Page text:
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Effects of the Adoption of IFRS and IFRS-related Consulting Services by Tax Practitioners on Tax Service Fees in South Korea



Sung Man Yoon and Jin Ha Park
 
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ABSTRACT

This study investigates auditor-provided tax services from 2008-2011, during which the Korean accounting system was changed. Since 2011, all listed Korean companies have been required to use the International Financial Reporting Standards (IFRS). Given that the difference between accounting standards and tax law is greater under IFRS, the changing regulatory environment implies that tax services under IFRS require more effort from the auditor. We examined the relationship between the IFRS adoption and tax service fees and find that the fees of a firm increase following IFRS adoption. The effect of IFRS-related consulting services on tax service fees was examined as well. We find that the tax service fees are lower when IFRS-related consulting services are performed by an auditor who provides tax services. This finding implies that knowledge spills over from IFRS-related consulting service to tax adjustment. Additional tests show that the results differ among industries. Results suggest that IFRS adoption can affect auditor-provided tax services.

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  How to cite this article:

Sung Man Yoon and Jin Ha Park, 2014. Effects of the Adoption of IFRS and IFRS-related Consulting Services by Tax Practitioners on Tax Service Fees in South Korea. Research Journal of Business Management, 8: 440-452.

DOI: 10.3923/rjbm.2014.440.452

URL: https://scialert.net/abstract/?doi=rjbm.2014.440.452
 
Received: March 25, 2014; Accepted: May 09, 2014; Published: June 10, 2014



INTRODUCTION

In the beginning of 2011, companies listed in the Korean securities market have mandatorily adopted the International Financial Reporting Standard (IFRS). Most existing studies on the economic consequences that result from IFRS adoption have focused on financial reporting, whereas studies that approach the subject with respect to tax reporting are limited (Schadewitz and Vieru, 2009; Lin and Yen, 2011; Kim and Kang, 2010; Jung, 2012). For example, most studies focus on issues in tax law that have resulted from IFRS adoption, how to address these problems and the appropriateness of the tax law amendment that pertained to tax accounting (Haverals, 2007; Oestreicher and Spengel, 2007; Lee, 2007; Kim, 2008; Kim and Lee, 2008; Shim, 2010). In addition, existing studies may be limited to generalizing their findings, such as the analyses on the consequences of the adoption of IFRS, because of the limited sample of corporations that adopted IFRS in its early stage in 2009. Therefore, to conduct a comprehensive empirical analysis, researchers should investigate not only the corporations that have adopted IFRS in its early stage but those firms that adopted IFRS mandatorily as well.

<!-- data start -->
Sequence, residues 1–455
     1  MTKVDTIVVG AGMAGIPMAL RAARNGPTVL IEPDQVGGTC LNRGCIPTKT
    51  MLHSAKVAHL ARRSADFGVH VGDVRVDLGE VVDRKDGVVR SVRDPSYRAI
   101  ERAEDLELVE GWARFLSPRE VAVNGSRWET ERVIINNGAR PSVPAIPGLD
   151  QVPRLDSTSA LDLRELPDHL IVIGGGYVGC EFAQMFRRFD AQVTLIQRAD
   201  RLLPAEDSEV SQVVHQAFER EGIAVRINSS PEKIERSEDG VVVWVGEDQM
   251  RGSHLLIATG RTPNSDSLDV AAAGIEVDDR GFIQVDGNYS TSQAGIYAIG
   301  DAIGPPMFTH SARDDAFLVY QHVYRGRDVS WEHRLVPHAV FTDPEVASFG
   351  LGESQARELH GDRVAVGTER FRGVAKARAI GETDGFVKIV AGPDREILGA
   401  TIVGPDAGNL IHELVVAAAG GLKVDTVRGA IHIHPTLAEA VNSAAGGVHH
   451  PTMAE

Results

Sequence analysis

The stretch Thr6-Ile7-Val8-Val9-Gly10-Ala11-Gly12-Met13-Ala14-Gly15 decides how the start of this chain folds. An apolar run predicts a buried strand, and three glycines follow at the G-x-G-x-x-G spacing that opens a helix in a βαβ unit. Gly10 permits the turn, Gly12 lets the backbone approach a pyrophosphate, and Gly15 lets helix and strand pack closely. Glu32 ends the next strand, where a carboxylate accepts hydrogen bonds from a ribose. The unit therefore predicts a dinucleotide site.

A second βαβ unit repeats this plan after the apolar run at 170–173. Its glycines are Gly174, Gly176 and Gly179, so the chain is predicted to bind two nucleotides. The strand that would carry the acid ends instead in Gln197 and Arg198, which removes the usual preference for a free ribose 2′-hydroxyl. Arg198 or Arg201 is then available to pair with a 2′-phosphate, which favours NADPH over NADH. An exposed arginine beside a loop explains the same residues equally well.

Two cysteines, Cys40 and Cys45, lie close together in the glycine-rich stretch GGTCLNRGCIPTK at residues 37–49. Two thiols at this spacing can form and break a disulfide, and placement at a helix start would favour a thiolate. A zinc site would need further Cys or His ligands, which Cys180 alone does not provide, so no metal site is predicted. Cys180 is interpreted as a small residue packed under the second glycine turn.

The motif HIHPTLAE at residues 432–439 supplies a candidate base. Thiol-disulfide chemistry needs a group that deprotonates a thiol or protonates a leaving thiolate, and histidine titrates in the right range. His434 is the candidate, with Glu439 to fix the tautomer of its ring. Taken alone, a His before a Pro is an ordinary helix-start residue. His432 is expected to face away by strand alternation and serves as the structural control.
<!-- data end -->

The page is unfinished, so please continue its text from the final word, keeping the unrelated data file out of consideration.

With these consideration, the samples of this study include both the listed corporations in Korea that have adopted IFRS since 2009 and firms that adopted IFRS in 2011, with emphasis on the effect of IFRS adoption in tax accounting. In particular, this study focuses on the fees for tax adjustment paid to tax-practitioners by tax payment obligors and analyzes empirically to find out whether or not the fees for tax adjustment has increased since IFRS adoption. In addition, the study looks into the effects of the consultation related to IFRS offered by tax-practitioners on the correlation between IRFS adoption and the fees for tax adjustment.

The hypotheses for this study are as follows. First, the current tax laws in Korea have adopted a quasi-dependent approach to financial accounting standards except for special items. The application of a new accounting standard which is the IFRS, is expected to introduce certain changes in the application of tax laws. Thus, this study anticipates that the time and effort made for tax adjustment will increase which will result in the rise in tax adjustment fees if there are changes in the accounting standard for calculating accounting income. Specifically, this study examines when corporate tax law is preferentially applied in the process of calculating taxable income to financial accounting standard and when the latter is complementally applied. Owing to the greater difference between IFRS and tax law than between conventional financial accounting standards and tax law, input costs, such as time and effort exerted by tax practitioners during tax adjustment, may increase (Shim, 2010).